Strong opinions lead to confrontation. Innocent people are wronged, and hatred grows toward those who force their control over others. Most of us have experienced such conflict.
There was a man who was personally offended by the choices and actions of another. As is often the case, he was proud of what he had accomplished, and now another person was making changes that seemed to undo all that he had achieved. In his anger he declared, “I will never forgive!” His friends counseled him to forgive even though it wouldn’t change the other person’s actions, but he refused. He carried that load of unforgiveness the rest of his days.
We read of another servant who owed the king millions of dollars. When the king came to settle accounts, the servant could not pay. The master of that servant commanded that he, his wife and children should sold into slavery. The servant begged for time to repay. The master, realizing that he could never repay the debt, had compassion and forgave him the loan. The servant went out a free man.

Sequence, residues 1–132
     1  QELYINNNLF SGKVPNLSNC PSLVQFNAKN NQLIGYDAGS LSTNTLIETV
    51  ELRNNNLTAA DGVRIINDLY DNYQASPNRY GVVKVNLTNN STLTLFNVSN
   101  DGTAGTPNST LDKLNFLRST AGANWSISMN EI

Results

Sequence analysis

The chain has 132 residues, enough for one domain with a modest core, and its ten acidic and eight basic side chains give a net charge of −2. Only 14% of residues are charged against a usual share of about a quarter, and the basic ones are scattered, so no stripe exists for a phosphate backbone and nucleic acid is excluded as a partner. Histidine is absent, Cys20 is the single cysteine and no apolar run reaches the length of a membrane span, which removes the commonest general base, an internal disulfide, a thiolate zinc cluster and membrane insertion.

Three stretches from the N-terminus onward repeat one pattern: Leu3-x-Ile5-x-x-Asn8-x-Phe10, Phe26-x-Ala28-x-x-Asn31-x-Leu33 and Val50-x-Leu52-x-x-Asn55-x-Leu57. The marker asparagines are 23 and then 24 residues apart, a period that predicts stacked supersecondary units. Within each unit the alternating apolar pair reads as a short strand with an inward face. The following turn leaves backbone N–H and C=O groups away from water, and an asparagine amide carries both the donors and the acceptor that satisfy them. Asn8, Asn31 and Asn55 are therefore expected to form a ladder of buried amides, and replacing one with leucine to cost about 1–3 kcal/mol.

But then the servant found a fellow servant that owed him a hundred dollars and grabbed him and started choking him and said, “Pay what you owe!” This fellow servant begged him, “Please be patient with me and I will pay you back” but he wasn’t willing and threw his fellow servant into prison until the debt was paid.
Word got back to the master and he called the servant who had been forgiven. “I forgave you of a debt that you could never repay, shouldn’t you have had compassion on your fellow servant as I had mercy on you?” The servant was handed over to the jailers to be tortured until he could pay everything that was owed.
Followers of Christ have experienced the forgiveness of their debt of sin. Those who have not chosen to follow Christ still carry a debt too large to ever repay. Seek God’s forgiveness while you still can. No amount of good deeds will ever cancel the debt of our sin against God, yet He freely offers us complete forgiveness and He commands that we forgive those around us. The consequences of saying “I will never forgive” are dire. We must extend mercy remembering that we have been forgiven much.
So the best reason to forgive is because we have been forgiven.